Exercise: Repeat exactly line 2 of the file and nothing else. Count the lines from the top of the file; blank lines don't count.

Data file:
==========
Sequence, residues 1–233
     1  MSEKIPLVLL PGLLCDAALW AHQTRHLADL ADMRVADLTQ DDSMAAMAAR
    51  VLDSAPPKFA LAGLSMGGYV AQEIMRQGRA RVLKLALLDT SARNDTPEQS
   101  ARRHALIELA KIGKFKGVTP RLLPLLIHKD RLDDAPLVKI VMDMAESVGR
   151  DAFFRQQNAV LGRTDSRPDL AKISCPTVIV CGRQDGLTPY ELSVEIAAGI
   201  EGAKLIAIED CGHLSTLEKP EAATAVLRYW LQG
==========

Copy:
     1  MSEKIPLVLL PGLLCDAALW AHQTRHLADL ADMRVADLTQ DDSMAAMAAR